TikTok paid political ads.

TikTok, one of the word’s fastest-growing apps has drawn a line the sand for its potential advertisers, saying it will not accept paid political ads.

The news came via a blog post on the TikTok site by Blake Chandlee, the brand’s vice president of global business solutions. The post stated that the nature of paid political ads was not something the TikTok team believes fits the platform’s experience.

The social video app - which is owned by Chinese internet technology company ByteDance - will no longer accept ads that promote or oppose a candidate, current leader, political party or group. It will also go further by not accepting ads promoting a political issue at the federal, state, or local level, which includes election-related ads and advocacy ads. 

Throughout his post, Chandlee stuck hard to the line that the reasoning behind the decision was to retain the platform’s cheerful, happy tone.

He said, “While we explore ways to provide value to brands, we're intent on always staying true to why users uniquely love the TikTok platform itself: for the app's light-hearted and irreverent feeling that makes it such a fun place to spend time.”

Chandlee remained noticeably positive in his presentation, praising the creativity of brands on the platform using unconventional approaches to native advertising formats like sponsored hashtag challenges or in-feed ads that utilise an immersive style. He also praised the potential of partnerships and made sure to namedrop the app’s newly-launched TikTok Creator Marketplace, a beta program that enables brands to discover, connect, and engage with creators for marketing campaigns.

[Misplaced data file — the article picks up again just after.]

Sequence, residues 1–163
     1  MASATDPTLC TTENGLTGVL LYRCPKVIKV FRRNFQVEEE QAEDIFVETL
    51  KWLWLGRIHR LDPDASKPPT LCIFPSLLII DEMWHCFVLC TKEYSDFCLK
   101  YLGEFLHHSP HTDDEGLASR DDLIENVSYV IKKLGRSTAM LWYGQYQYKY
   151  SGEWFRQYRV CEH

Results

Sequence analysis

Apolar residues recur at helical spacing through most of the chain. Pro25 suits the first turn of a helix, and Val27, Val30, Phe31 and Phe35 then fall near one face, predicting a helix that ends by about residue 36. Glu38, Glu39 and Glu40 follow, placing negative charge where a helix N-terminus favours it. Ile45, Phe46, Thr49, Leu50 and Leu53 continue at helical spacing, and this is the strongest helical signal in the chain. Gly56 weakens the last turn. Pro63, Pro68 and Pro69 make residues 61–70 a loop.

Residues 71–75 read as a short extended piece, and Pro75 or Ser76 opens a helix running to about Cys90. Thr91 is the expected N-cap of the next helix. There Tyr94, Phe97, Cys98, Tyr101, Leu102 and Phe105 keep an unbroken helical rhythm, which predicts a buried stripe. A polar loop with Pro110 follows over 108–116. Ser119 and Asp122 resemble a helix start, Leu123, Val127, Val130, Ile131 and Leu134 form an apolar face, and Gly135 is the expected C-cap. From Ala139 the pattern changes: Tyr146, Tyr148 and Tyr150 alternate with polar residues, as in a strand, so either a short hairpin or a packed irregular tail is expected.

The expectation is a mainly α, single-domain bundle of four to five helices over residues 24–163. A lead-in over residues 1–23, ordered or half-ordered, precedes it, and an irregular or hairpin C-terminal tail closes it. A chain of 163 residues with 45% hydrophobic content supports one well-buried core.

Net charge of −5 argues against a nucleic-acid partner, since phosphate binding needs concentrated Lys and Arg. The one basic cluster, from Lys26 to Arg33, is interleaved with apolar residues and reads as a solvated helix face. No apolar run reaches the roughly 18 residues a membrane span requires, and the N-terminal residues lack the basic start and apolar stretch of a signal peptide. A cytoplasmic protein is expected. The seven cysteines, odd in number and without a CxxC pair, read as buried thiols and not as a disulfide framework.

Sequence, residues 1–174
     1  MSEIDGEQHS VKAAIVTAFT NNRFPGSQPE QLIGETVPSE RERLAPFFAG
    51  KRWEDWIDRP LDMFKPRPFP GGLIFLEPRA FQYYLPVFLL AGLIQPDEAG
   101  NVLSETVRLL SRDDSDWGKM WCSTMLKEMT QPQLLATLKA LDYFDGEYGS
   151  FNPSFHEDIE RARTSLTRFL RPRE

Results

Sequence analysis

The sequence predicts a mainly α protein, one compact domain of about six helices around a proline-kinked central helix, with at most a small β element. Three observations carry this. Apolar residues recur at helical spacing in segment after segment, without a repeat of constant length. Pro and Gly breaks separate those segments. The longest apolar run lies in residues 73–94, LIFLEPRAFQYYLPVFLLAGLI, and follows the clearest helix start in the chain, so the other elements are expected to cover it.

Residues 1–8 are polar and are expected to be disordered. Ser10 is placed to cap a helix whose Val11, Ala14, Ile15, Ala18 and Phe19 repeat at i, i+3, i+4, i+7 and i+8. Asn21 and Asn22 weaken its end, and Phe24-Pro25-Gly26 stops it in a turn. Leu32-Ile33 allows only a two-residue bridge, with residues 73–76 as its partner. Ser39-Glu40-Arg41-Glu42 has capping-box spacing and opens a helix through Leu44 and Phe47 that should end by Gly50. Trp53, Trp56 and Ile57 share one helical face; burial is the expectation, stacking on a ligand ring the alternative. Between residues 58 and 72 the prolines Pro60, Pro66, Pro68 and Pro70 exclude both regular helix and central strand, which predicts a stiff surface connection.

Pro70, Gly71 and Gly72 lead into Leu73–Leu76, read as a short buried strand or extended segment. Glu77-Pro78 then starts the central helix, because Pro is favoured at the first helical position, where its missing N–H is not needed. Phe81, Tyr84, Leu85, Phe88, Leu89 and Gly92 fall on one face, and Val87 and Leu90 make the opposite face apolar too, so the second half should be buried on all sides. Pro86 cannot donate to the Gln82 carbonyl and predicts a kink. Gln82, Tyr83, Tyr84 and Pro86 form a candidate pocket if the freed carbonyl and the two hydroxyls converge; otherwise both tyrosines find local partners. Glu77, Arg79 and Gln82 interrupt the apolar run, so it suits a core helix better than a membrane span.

Though it may sacrifice a huge potential revenue stream, it is understandable why TikTok has made this move. While other social platforms are still performing reputation repairs in the wake of both the 2016 U.S presidential election and the Brexit referendum, TikTok has managed to keep its political identity squeaky clean. Furthermore, as the app has an extremely young user base, it's probably making a deft dodge of any of the potential issues that fellow video platform YouTube has faced in regards to content and minors.